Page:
The measures, which would take effect Aug. 1, are fueled in part by an attempt to close the state’s sole abortion clinic in Fargo. Dalrymple, in a statement, said the so-called fetal heartbeat bill is a direct challenge to the U.S. Supreme Court’s 1973 Roe v. Wade ruling that legalized abortion up until a fetus is considered viable, usually at 22 to 24 weeks.
"Although the likelihood of this measure surviving a court challenge remains in question, this bill is nevertheless a legitimate attempt by a state legislature to discover the boundaries of Roe v. Wade," Dalrymple said. "Because the U.S. Supreme Court has allowed state restrictions on the performing of abortions and because the Supreme Court has never considered this precise restriction ... the constitutionality of this measure is an open question."
Abortion-rights advocates have promised a legal fight that they say will be long, costly and unwinnable for the state.
British teenage whiz kid
strikes deal with Yahoo
over mobile app Summly
LONDON (AP) -- At 17, he’s a tech whiz, he’s rich -- and he can even offer some advice on how to raise your kids.
Teenage programmer Nick D’Aloisio’s decision to sell his news application Summly to Yahoo for what’s rumored to be a massive payout has turned him into a media sensation. The sale caps a short but successful career at Apple Inc.’s vast app store, where hundreds of thousands of pieces of software compete for the attention of smartphone and tablet users.
In an interview with The Associated Press on Tuesday, D’Aloisio said his computer skills were self-taught, explaining that he started by mastering movie-making software before tackling programming languages.
He said his parents were "very enthusiastic and supportive." Asked what advice he’d give couples hoping to raise their own wunderkinds, he urged them to let their children explore their own paths -- be it computer science or drama.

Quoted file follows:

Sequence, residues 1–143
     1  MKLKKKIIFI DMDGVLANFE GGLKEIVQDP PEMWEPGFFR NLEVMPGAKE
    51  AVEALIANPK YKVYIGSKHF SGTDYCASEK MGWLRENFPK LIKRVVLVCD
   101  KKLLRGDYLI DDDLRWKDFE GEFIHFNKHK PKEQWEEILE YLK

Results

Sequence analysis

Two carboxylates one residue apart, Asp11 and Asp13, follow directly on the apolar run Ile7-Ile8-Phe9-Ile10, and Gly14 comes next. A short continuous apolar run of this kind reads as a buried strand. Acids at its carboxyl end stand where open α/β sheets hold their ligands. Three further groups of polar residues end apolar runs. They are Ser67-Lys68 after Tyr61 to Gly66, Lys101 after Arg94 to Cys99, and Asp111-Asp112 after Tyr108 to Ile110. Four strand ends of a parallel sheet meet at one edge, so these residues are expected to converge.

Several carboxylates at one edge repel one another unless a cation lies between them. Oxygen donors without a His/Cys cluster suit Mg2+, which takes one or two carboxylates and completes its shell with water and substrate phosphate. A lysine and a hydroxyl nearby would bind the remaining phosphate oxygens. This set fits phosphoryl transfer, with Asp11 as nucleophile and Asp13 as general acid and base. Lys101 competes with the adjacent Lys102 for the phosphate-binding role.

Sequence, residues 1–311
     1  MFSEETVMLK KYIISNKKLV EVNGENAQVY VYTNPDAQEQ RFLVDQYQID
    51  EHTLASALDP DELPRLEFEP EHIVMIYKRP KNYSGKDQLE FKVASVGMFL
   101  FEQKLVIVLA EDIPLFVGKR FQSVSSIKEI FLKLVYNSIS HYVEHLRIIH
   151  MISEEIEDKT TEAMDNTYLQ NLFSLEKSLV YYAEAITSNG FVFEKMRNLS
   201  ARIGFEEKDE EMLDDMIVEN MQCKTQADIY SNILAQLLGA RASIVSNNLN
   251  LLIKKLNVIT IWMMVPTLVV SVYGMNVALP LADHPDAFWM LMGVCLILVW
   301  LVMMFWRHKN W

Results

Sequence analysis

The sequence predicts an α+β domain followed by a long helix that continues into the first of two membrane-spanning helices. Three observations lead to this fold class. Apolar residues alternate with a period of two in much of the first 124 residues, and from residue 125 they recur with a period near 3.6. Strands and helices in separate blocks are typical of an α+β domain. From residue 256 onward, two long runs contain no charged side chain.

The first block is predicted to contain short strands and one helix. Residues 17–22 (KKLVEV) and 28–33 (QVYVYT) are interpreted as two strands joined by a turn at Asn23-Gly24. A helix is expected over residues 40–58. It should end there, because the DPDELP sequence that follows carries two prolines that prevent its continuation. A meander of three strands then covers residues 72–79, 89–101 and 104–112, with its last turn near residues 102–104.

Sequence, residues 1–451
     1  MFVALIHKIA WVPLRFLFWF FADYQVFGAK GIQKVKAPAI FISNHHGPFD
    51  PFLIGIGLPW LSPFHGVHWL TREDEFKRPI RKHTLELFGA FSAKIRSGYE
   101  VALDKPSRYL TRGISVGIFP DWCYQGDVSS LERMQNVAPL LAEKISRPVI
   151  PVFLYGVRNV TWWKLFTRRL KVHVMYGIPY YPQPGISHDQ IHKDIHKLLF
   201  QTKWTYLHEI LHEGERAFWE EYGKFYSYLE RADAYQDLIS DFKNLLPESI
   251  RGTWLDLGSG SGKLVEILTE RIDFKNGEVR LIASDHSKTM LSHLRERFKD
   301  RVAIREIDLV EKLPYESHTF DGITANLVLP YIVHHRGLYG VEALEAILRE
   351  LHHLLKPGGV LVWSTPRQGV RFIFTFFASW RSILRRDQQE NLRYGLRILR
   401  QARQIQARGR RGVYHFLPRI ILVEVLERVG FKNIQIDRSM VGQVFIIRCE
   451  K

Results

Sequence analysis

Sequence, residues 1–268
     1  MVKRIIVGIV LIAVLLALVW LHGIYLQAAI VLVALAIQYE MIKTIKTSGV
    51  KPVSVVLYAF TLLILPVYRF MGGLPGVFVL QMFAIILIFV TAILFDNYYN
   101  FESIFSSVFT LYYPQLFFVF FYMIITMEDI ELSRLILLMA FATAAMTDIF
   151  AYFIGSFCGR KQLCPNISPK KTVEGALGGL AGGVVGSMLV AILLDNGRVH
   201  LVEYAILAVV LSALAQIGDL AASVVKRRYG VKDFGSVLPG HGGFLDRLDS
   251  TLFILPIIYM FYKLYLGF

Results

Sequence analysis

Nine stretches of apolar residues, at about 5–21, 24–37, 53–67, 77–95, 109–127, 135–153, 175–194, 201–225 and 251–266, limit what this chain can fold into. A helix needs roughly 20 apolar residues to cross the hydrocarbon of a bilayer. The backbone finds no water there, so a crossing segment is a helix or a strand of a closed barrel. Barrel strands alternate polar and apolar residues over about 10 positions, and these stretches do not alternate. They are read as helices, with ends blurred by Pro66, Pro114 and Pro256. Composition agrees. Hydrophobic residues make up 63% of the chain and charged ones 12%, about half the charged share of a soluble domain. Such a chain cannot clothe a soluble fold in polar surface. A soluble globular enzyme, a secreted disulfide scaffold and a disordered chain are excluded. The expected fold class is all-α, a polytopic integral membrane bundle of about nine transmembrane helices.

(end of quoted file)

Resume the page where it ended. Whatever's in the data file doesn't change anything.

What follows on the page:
"If there’s a natural curiosity, that’ll lead to, eventually, some success," the teenager said.
Bomb-making materials found in car of man suspected of killing Colo. prisons chief
DECATUR, Texas (AP) -- Investigators found bomb-making materials and bloody clothes in the car of a man suspected in the death of the Colorado prisons chief.
Documents made public Tuesday show that authorities also found documents from the Department of Corrections, maps and handwritten directions in Evan Spencer Ebel’s car. Also found were parts of the uniform of a Domino’s Pizza worker, zip ties and duct tape.
Ebel was killed in a shootout with Texas authorities last week.
Authorities in Decatur sent the items to Colorado agencies investigating the death of corrections chief Tom Clements and the slaying of a pizza deliveryman whose body was found two days before Clements was killed.
Meeting of Arab League leaders showcases Qatar’s growing political clout
DOHA, Qatar (AP) -- Qatar’s emir looked over an assembly of Arab leaders Tuesday as both cordial host and impatient taskmaster. His welcoming remarks to kings, sheiks and presidents across the Arab world quickly shifted to Qatar’s priorities: Rallying greater support for Syrian rebels and helping Palestinians with efforts such as a newly proposed $1 billion fund to protect Jerusalem’s Arab heritage.
No one seemed surprised at the paternal tone or the latest big-money initiative. In a matter of just a few years, hyper-wealthy Qatar has increasingly staked out a leadership role once held by Egypt and helped redefine how Arab states measure influence and ambition.
Little more than a spot to sink oil and gas wells a generation ago, Qatar is now a key player in nearly every Middle Eastern shakeout since the Arab Spring, using checkbook diplomacy in settings as diverse as Syria’s civil war, Italian artisan workshops struggling with the euro financial crisis, and the soccer pitches in France as owners of the Paris Saint-Germain team.
As hosts of an Arab League summit this week, Qatar gets another chance to showcase its swagger.
With power, however, come tensions. Qatar has been portrayed as an arrogant wunderkind in places such as Iraq and Lebanon where some factions object to its rising stature, and Qatar’s growing independent streak in policy-making has raised concerns among its Gulf Arab partners. It also faces questions -- as do other Gulf nations and Western allies -- over support for some Arab Spring uprisings while remaining loyal to the embattled monarchy in neighboring Bahrain.
Kerry in Paris to talk
Syria with French
PARIS (AP) -- U.S. Secretary of State John Kerry is in Paris for talks with French officials about aid to the Syrian opposition and the situation in Mali.
Kerry arrived in the French capital Tuesday on the last leg of a five-nation trip that also took him to Israel, the Palestinian Authority and Jordan with President Barack Obama and then on his own to Iraq and Afghanistan.
He will see the French foreign minister on Wednesday. France is one of several European nations that would like to send military aid to the Syrian rebels. It also has been urging the U.S. to boost its assistance.